Once you have found your mentor / mentee, the real work begins! Although the partnership is informal and voluntary, it is important to ensure that it’s SMART:
- Specific – what exactly is it that the partnership is aiming to achieve
- Measurable – how will you know if you’ve achieved success, and what will you do if more work needs to be done?
- Achievable – is it possible to do all the things you’ve said you’re going to do in the time?
- Realistic – are the activities sensible and within the reach of the mentee?
- Timed - put a timescale on activities and agree how long the partnership will last.
By doing this, you are setting out from the start, key objectives, activities, and timeframes to help manage the partnership. The result is therefore far more likely to be successful
Agreeing on timescales and contact
To make sure that the progress of your mentor remains on track, it’s a good idea to put into place regular catch up meetings. This might be something as informal as an email every two weeks, or a face-to-face meeting once a month. The right type of contact will depend on the activity and the amount of support your mentee needs. There might also be times that your mentee needs more contact and support than others, and these can be agreed as the process develops.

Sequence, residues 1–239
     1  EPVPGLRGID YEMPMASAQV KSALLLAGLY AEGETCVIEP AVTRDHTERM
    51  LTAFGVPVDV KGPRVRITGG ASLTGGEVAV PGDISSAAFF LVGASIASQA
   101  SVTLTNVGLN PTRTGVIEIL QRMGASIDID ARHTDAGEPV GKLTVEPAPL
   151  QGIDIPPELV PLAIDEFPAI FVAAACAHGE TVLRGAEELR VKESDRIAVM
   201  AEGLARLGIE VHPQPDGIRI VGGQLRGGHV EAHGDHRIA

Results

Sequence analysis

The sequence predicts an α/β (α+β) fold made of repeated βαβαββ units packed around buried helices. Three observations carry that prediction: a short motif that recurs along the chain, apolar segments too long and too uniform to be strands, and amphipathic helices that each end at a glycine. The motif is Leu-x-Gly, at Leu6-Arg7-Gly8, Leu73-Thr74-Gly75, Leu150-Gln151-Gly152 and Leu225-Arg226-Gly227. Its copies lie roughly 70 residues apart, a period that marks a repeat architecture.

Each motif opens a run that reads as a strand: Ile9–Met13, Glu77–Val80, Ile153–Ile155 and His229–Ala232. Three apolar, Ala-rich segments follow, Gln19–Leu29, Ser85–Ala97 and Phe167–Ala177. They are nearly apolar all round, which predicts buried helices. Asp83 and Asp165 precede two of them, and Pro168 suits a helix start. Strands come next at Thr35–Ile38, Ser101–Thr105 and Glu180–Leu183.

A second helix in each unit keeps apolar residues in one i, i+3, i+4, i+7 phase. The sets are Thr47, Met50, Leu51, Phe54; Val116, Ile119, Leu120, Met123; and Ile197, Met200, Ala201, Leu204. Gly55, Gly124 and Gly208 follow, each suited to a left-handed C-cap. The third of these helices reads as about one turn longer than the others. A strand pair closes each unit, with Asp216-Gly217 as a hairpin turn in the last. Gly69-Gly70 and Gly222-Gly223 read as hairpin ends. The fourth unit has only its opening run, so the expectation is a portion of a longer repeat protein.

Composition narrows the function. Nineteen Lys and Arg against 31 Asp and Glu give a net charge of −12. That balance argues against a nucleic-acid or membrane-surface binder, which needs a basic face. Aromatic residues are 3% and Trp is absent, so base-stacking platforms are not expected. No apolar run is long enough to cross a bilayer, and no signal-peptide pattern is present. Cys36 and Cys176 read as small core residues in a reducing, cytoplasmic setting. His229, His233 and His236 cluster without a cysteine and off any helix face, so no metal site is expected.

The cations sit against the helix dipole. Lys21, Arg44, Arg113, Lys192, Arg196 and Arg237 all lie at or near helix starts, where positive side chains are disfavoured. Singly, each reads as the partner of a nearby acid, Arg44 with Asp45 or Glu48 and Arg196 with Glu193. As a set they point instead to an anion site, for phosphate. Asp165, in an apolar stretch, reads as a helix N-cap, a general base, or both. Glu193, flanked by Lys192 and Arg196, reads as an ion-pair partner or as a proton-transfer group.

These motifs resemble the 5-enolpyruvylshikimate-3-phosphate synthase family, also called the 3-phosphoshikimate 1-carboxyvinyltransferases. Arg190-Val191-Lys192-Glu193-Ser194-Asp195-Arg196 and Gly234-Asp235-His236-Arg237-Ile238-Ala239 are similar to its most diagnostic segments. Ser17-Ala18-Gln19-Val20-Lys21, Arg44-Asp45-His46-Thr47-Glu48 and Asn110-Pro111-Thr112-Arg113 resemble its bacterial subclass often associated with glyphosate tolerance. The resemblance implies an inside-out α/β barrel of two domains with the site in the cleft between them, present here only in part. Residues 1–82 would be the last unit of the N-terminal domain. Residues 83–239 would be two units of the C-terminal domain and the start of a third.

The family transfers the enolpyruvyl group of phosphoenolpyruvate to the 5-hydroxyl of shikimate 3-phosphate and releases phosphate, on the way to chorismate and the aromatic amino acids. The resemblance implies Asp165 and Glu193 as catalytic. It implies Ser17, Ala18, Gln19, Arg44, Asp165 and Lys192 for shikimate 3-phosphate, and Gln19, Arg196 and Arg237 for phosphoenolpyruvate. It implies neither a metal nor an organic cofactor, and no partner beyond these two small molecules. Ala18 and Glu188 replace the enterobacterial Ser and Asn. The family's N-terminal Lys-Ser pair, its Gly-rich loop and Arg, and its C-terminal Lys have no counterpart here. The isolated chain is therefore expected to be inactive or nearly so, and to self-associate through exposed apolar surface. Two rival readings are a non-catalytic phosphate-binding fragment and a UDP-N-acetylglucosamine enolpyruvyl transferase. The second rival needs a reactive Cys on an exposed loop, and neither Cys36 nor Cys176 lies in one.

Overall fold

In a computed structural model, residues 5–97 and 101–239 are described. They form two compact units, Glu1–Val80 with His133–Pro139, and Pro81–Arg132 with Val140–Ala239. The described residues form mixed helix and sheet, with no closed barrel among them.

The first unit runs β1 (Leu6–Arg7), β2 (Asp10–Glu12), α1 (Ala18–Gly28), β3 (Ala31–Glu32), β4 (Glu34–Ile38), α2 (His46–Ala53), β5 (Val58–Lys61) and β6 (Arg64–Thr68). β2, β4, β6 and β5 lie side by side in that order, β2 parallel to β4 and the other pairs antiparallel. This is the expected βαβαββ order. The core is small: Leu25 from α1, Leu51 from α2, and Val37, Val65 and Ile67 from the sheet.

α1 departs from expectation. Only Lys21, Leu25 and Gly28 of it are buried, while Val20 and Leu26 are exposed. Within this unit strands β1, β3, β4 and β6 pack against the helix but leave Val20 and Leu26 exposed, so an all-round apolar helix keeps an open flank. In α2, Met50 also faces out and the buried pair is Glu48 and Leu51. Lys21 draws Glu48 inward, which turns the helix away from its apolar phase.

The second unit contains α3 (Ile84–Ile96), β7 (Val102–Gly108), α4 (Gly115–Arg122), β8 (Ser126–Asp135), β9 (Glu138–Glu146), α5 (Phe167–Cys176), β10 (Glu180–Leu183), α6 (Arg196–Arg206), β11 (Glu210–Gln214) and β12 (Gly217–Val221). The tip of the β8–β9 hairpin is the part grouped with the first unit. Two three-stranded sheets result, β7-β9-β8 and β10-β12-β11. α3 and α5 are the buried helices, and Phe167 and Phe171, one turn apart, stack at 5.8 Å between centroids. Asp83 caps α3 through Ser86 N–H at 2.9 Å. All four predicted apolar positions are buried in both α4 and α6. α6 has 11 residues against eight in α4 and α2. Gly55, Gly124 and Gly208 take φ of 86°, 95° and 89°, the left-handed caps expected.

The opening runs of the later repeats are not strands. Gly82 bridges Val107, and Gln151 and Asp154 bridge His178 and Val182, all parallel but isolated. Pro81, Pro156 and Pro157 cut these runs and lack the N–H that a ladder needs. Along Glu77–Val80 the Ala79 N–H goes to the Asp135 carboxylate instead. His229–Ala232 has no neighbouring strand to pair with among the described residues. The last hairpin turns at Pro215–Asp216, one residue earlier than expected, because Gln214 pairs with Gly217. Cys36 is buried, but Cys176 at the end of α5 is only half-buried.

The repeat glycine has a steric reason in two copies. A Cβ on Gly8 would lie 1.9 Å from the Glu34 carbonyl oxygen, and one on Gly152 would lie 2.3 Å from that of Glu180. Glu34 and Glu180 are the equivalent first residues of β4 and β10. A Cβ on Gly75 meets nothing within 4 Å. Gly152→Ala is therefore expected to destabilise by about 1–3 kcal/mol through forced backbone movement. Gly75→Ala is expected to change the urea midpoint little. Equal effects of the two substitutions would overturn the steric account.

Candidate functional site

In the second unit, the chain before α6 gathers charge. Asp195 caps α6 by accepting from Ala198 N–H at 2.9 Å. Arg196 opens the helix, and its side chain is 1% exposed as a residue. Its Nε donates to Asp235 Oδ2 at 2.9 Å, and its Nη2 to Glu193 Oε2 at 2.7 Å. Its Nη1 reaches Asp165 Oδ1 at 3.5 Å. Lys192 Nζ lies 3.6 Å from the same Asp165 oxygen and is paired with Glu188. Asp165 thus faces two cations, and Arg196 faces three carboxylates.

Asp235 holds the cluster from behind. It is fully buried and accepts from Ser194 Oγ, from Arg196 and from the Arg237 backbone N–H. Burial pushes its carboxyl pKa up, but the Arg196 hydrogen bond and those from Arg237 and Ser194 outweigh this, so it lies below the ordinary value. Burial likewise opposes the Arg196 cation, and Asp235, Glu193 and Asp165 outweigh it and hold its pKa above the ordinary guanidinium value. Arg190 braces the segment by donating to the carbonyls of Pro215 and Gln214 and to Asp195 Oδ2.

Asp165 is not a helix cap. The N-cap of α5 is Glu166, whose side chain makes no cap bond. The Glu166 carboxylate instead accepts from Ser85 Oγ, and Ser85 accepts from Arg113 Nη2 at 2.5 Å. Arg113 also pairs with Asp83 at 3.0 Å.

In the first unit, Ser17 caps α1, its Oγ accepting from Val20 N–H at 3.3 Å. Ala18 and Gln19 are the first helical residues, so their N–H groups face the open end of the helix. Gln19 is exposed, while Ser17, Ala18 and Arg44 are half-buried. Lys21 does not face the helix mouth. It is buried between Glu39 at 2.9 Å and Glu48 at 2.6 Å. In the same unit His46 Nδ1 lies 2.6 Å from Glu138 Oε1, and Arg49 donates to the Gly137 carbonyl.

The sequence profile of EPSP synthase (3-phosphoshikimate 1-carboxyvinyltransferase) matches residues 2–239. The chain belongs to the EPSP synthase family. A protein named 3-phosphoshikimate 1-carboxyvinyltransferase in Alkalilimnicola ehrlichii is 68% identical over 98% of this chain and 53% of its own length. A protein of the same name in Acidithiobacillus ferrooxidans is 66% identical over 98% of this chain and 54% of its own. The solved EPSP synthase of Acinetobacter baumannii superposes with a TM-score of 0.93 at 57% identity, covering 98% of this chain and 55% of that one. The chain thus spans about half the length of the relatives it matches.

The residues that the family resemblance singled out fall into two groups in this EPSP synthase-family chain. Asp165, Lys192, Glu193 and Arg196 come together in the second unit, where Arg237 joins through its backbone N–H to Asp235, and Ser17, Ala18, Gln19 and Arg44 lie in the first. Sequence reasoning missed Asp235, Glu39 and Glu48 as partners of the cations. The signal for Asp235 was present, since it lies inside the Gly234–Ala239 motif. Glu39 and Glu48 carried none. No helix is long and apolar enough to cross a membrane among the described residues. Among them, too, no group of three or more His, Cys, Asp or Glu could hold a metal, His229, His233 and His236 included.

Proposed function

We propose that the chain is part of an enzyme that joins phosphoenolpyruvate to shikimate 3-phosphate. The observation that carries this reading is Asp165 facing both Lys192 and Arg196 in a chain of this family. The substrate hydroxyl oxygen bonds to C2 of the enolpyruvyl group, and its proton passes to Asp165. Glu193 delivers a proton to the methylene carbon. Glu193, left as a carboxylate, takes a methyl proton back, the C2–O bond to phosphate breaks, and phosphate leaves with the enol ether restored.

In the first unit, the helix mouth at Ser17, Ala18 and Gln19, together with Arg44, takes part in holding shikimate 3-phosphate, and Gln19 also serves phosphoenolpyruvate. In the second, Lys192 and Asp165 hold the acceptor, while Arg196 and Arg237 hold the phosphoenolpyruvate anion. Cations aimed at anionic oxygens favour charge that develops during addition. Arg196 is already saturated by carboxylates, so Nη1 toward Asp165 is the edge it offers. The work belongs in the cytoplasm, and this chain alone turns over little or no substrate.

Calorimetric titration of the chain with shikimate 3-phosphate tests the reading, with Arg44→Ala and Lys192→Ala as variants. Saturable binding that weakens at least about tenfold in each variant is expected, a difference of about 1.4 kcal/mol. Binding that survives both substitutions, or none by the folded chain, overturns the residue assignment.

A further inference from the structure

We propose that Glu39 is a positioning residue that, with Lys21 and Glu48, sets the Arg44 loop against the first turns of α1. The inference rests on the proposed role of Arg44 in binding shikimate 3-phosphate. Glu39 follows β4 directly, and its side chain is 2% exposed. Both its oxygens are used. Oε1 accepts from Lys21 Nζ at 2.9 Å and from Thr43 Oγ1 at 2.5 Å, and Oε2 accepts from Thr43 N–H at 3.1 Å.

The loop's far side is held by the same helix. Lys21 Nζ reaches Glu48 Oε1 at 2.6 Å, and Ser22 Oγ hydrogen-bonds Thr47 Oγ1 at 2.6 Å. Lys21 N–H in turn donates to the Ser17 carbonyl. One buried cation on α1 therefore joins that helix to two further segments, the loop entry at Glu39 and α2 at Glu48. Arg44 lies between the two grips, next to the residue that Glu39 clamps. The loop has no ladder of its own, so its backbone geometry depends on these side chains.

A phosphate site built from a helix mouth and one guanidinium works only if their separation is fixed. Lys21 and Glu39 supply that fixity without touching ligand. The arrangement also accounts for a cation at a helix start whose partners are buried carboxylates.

You should also be clear on how the mentee should contact you, and how you should contact them. Would you prefer them to email you, call, skype or use other methods? These should be agreed at the start of the process and you should ensure that the method is practical and works for the mentee too. You should also agree on what is an acceptable reason for your mentee to contact you. Some mentors are happy for a mentee to drop them a line at any stage to keep up with progress, others prefer a formal agreement that states how often and when the mentee should get in touch.
Download the following template to help you to draw up your mentoring agreement.